Understanding Common Causes of Conflict

A business is a melting pot of different personalities and responsibilities. Each person plays a role in the company’s operations. While these differences can lead to more innovative ideas and solutions, they can also clash from time to time causing conflict. Conflict lets us know that there is disconnect in how things are running.

Ignoring conflict will not make it go away. In fact, it can do just the opposite and exacerbate the situation. Another futile solution is giving in to demands and backing down. This can create more conflict by giving others control. In order to promote teamwork and cohesion, managers should understand some of the underlying causes behind conflict.

Poor communication is a very common issue. When employees and leaders are not clearly relaying essential information, it can lead to breakdowns in performance as well as disagreements. This is often the result of not understanding needs and objectives, having a lack of information, or being misinformed. Frustration or incorrect work can put people at odds with one another, whereas taking the time to check for understanding regarding an assignment could clear up any confusion.

Differing personalities are also common place. Not everyone sees eye-to-eye or approaches things in the same way–one of the largest causes of conflict. When employees have opposing opinions of how something should be handled, it can cause conflict unless they are able to find compromise. It is important to remain flexible and recognize that there is more than one correct way to get to the end result. Being able to see things from more than one perspective is important.

Another cause of conflict can stem from poor role clarity. Leaders and employees should understand how they fit into the company and each project. When roles are muddled and more than one person feels accountable for certain responsibilities (or there is no accountability at all), this can result in disagreements. Expectations should be clearly defined to reduce power struggles and confusion.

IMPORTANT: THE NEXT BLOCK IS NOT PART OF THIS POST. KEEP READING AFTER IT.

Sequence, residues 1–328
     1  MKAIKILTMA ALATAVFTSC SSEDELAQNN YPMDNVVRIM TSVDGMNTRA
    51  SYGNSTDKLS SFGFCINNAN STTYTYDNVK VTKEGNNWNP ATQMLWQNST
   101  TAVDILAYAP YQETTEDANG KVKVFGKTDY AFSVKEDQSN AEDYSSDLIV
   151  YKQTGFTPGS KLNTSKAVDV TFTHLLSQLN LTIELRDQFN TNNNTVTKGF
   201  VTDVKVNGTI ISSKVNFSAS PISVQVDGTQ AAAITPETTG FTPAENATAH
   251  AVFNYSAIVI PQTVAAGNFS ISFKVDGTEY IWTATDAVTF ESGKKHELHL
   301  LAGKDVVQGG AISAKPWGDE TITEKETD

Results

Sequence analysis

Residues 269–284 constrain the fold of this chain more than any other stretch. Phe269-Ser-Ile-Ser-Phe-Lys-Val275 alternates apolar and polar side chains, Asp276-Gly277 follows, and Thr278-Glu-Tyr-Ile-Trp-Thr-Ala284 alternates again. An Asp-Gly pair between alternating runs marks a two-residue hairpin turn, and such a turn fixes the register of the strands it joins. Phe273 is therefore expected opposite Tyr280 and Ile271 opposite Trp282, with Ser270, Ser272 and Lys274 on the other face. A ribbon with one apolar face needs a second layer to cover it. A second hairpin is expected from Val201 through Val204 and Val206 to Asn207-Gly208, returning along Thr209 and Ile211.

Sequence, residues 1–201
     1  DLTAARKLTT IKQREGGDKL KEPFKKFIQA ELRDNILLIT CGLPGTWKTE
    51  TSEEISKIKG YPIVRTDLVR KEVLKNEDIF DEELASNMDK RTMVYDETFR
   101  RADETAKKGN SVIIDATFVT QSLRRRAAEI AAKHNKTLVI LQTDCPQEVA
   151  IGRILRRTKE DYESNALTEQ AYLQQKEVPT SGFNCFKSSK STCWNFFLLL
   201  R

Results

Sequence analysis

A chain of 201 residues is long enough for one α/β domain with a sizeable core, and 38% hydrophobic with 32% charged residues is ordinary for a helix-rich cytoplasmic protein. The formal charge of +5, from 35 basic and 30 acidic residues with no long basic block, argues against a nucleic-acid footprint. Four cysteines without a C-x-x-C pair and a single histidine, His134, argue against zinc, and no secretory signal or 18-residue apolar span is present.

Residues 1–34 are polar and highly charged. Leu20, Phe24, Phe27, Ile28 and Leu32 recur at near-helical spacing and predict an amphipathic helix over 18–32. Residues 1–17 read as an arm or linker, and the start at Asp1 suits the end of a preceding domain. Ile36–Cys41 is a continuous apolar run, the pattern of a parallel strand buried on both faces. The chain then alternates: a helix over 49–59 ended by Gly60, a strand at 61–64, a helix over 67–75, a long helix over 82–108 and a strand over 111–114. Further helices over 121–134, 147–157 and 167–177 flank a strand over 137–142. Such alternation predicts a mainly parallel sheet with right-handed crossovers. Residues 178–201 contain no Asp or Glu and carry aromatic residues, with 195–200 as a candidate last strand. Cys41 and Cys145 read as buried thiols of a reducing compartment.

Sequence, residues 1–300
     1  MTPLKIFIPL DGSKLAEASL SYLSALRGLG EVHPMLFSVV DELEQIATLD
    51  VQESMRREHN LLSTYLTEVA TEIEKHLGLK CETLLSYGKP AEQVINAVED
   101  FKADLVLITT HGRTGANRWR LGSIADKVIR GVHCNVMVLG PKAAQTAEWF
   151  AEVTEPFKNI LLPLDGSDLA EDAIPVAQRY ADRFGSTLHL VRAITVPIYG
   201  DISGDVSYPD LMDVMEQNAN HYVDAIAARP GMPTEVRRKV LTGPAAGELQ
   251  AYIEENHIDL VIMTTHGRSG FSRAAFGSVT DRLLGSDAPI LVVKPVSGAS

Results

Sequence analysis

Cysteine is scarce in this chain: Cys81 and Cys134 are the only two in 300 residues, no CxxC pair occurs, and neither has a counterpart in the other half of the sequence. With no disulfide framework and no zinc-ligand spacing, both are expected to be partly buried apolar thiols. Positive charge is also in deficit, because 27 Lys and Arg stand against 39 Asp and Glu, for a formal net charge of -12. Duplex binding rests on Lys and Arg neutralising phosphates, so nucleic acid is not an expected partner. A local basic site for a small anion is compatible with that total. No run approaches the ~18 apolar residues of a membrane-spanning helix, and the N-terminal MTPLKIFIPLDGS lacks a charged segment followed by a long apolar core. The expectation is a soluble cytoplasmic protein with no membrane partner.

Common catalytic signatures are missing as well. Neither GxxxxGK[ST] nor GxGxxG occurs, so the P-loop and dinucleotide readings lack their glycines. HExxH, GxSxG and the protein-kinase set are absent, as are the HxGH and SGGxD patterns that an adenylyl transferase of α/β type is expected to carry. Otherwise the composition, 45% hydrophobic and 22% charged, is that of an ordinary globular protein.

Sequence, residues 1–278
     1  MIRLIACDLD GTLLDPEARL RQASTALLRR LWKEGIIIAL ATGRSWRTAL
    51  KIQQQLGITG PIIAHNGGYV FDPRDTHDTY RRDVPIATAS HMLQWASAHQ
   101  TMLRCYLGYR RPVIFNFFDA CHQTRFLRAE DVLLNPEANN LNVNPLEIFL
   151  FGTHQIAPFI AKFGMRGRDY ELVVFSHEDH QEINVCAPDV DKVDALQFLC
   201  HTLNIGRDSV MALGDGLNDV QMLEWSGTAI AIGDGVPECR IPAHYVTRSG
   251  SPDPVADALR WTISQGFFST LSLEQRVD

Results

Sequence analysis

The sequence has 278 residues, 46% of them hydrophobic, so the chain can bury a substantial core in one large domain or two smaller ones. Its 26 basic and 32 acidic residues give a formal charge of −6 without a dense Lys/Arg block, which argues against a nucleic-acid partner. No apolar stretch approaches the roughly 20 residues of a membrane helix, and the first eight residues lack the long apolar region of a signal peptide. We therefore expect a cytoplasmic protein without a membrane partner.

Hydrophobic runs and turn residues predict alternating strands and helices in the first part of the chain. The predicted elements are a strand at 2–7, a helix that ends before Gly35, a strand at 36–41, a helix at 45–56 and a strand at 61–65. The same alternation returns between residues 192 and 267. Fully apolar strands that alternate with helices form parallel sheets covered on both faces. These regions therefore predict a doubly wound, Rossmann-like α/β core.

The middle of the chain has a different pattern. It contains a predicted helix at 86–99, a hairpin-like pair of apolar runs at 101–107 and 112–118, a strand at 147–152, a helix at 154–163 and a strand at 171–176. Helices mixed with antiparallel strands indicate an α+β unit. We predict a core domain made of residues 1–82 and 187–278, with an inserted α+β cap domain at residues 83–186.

Along the same lines, no clear goals or direction can be problematic as well. Employees should know what they are working toward and why it matters. A lack of connection or engagement leaves room for differences in opinion and action. Employees may create their own agenda rather than working together for the good of the group.

How managers handle these conflicts plays a significant role in the workplace environment. Letting conflicts linger unresolved can have a negative impact on morale and productivity. It can also increase turnover rate. Leaders should stay alert to potential issues and remain proactive in heading them off. When conflicts do arise, they should work with employees to find compromise and common ground. Taking the time to address problems can help ward off future issues and promote better communication and productivity. Employees may also lose trust or respect for leaders who ignore problems and do not facilitate a positive work environment where they feel respected and supported.

Don’t let poor conflict resolution skills hold you back from becoming a more effective leader. Assert yourself in a positive way and build trust with guidance from the team at JP Kantor Consulting. Learn to be proactive rather than reactive and implement solutions that work. Contact JP Kantor Consulting to refine your skills and maximize your potential.